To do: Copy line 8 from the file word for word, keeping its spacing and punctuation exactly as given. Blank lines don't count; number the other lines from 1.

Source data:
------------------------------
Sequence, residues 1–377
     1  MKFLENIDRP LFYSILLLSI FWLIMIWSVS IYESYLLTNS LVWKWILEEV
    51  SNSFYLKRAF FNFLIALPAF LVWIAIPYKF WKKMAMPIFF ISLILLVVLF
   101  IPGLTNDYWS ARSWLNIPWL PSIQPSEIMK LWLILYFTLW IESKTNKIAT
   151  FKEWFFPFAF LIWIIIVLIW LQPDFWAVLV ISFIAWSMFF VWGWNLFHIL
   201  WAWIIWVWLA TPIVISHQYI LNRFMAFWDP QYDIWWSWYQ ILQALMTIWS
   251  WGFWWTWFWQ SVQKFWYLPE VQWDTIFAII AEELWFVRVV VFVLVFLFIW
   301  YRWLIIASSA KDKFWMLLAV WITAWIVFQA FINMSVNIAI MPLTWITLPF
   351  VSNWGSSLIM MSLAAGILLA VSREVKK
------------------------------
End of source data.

   301  YRWLIIASSA KDKFWMLLAV WITAWIVFQA FINMSVNIAI MPLTWITLPF